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Martin Van Buren by Ted Widmer
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The author tried to give an objective narrative of Van Buren's political career - and he largely succeeds. However, the book contains all kinds of references - sometimes totally not related to the subject - that shows authors biases. The book is short but would be much better without author going on the tangent. ( )
  everfresh1 | May 31, 2014 |
This biography of Martin Van Buren, our 8th President, reminded me of Tom Stoppard's play Rosencrantz & Guildenstern Are Dead, in which Shakespeare's Hamlet is seen through the eyes of two minor characters. In Stoppard's case, the result is very funny, although it helps to know the main story to start with. Here, Van Buren's story, which would seem to be the main topic, is seen only in glimpses sprinkled through a history of the times. For a President so little known to modern readers, the result is frustration.

I'm not sure this is the author's fault, given his subject. Most of Van Buren's career was dedicated to forging a new political party, accomplished by years of backroom (and therefore hidden, even to historians) political maneuvering, which often found him promoting a middle ground between opponents he was trying to woo. In many instances he was thought to have no strong views himself, and, unlike his predecessors, he left no reams of correspondence or voluminous diaries to give us a peak at his inner turmoil. (He did leave an autobiography written only late in life.)

Van Buren was the first of a lesser-known group to hold the Presidency between Jackson and Lincoln. It was a difficult time for the nation, as the addition of territory brought to a head the oft-sidetracked issue of slavery. Sectional divisions strengthened, and, like others, Van Buren foresaw the Civil War, but it was only in the late 1840s that he could bring himself to publicly criticize slavery and call for its end, after many years of letting the issue slide as he courted Southerners. Although his presidency was expected to be at least somewhat successful, the economic policies of previous years came to a head within weeks of his inauguration, and the Panic of 1837 was only the beginning of the downswing which led to Van Buren's defeat in 1840. Born near the end of the Revolution, he lived to see the beginning of the Civil War, having survived most of his political contemporaries.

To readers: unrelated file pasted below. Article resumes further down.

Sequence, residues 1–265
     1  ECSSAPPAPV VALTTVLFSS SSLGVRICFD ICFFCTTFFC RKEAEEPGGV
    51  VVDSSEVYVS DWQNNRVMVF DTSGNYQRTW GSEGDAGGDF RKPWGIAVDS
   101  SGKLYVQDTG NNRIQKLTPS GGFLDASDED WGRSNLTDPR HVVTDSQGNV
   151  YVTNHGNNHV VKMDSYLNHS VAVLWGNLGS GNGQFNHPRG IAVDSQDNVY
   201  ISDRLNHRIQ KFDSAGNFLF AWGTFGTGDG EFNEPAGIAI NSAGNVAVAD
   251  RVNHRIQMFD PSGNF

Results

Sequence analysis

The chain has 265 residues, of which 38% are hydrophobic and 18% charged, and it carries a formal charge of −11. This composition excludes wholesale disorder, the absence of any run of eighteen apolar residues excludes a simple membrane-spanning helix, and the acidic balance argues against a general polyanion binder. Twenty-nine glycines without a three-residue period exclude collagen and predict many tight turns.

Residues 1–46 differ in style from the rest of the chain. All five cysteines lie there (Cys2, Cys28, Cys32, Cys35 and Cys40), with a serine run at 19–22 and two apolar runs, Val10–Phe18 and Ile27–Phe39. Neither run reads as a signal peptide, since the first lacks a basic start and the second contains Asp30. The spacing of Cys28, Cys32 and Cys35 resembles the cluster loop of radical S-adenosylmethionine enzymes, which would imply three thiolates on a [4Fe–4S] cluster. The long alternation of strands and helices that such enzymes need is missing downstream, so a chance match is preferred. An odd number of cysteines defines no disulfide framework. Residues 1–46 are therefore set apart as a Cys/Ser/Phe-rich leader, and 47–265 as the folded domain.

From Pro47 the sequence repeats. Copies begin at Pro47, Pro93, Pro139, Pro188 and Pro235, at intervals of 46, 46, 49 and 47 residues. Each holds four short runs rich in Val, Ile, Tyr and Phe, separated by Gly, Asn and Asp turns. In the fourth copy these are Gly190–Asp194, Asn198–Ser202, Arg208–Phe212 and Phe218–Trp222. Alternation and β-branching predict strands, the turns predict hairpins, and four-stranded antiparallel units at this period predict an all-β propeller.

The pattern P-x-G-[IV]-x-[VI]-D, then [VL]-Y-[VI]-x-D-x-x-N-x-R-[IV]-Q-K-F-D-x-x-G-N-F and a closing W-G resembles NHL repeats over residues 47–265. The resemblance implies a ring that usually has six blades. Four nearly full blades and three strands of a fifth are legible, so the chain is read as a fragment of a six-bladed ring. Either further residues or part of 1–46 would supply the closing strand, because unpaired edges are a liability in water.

Two quotes of note:
p. 69. To this day we still do not know how close young Andrew Jackson came to throwing his lot in with Burr's efforts to create an American empire outside the jurisdiction of the United States. (OK, that's not a thread I recall from the bio of Jackson I just read.)

p. 16. His failures showed how difficult it was to assemble a democratic coalition in the face of withering pressure from economic chaos, regional discord, and the conservative enemies who never gave him a moment's peace. (Doesn't that sound familiar?)

And I was surprised to read that Davy Crockett wrote a (very negative) biography of him leading up to the election of 1836. (RIP Fess Parker, who died this week.)

For all its brevity and lack of detail on a personal level, this entry in Arthur M. Schlesinger Jr.'s The American Presidents Series is a very readable introduction. I would have liked more information on Van Buren's home life and children, and sometimes the author's style is off-putting, as when he refers to Van Buren by all the cute/sarcastic/nasty nicknames employed by his adversaries. But I found myself drawn in and interested till the end. ( )